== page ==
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A Parent's Worst 'You Break It, You Buy It' Nightmare

It's the stuff of nightmares: Your kid is holding a drink in his right hand, walking through an exhibit, until he catches his foot and breaks his fall with a $1.5 million-valued artwork, leaving a fist-sized hole at the bottom of the piece.

Ouch.

That's what happened to a 12-year-old boy in Taiwan this past weekend at the "Face of Leonardo: Images of a Genius" exhibition, which includes portraits of Leonardo and shows 55 rare paintings.

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The still life he landed on is a 350-year-old oil on canvas work called "Flowers" by Italian master Paolo Porpora, a leading artist in baroque-style paintings. "Flowers" is 78 inches tall and depicts flowers in a vase.

According to the Web Gallery of Art, a database of European fine art, "Flowers" is the only signed Porpora.

But the organizers won't ask the boy's family to pay for the restoration cost. (Feel free to exhale.)

Sun Chi-hsuan, the exhibition organizer, said the boy was not to be blamed and that the painting was insured. "The boy was probably too concentrated in listening to what the guide was saying, and therefore stumbled," he said.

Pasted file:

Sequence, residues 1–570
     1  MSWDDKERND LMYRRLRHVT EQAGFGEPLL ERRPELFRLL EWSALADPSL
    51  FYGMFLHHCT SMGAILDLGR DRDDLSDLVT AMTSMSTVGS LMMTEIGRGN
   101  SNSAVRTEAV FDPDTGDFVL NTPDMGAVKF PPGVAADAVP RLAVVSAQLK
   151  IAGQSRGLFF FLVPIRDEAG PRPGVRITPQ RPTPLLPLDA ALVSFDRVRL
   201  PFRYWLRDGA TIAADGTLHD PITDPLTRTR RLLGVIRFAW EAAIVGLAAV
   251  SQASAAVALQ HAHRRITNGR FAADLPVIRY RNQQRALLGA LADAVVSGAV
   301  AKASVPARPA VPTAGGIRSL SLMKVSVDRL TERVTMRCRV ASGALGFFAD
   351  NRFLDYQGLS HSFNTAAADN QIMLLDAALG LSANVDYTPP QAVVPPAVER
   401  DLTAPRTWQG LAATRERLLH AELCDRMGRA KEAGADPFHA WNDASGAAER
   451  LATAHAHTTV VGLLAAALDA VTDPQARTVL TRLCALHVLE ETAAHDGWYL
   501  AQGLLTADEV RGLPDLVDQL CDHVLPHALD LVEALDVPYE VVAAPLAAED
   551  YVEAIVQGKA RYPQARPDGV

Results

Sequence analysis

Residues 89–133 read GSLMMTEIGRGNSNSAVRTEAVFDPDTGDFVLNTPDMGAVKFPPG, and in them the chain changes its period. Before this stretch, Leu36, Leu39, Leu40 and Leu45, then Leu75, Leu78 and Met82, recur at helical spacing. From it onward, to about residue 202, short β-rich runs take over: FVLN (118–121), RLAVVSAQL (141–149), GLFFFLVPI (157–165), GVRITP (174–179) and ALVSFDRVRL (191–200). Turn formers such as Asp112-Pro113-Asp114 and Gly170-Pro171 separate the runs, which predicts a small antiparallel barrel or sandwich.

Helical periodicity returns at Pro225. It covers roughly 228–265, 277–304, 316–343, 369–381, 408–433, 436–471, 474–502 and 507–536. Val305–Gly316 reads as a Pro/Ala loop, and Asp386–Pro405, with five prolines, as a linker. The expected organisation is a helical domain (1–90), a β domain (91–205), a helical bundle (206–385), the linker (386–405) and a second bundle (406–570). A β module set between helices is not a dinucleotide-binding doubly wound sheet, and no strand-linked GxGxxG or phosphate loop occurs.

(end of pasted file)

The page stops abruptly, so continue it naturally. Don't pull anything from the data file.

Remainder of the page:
"Once these works are damaged, they are permanently damaged ... we hope that everyone can protect these precious artworks with us," TST Art of Discovery said in a post on the exhibition's official Facebook page.

This isn't the first costly art accident we've heard of. A man tripped over his shoelace and fell down the staircase in a museum in Cambridge, breaking three 300-year-old Chinese vases in 2006. Another man got a six-year prison term for damaging a Monet painting in the National Gallery of Ireland in 2012. Even casino mogul Steve Wynn elbowed a Picasso masterpiece in 2013.

"When I told the curator, he was so shocked that for two to three minutes he couldn't utter a single word," Sun said. "But he was actually most worried that the boy and his family would put too much pressure on themselves."

We hope the 12-year-old will still nurture an enthusiasm for art, despite starting off on the wrong foot.

Images via TSA Art of Discovery Co

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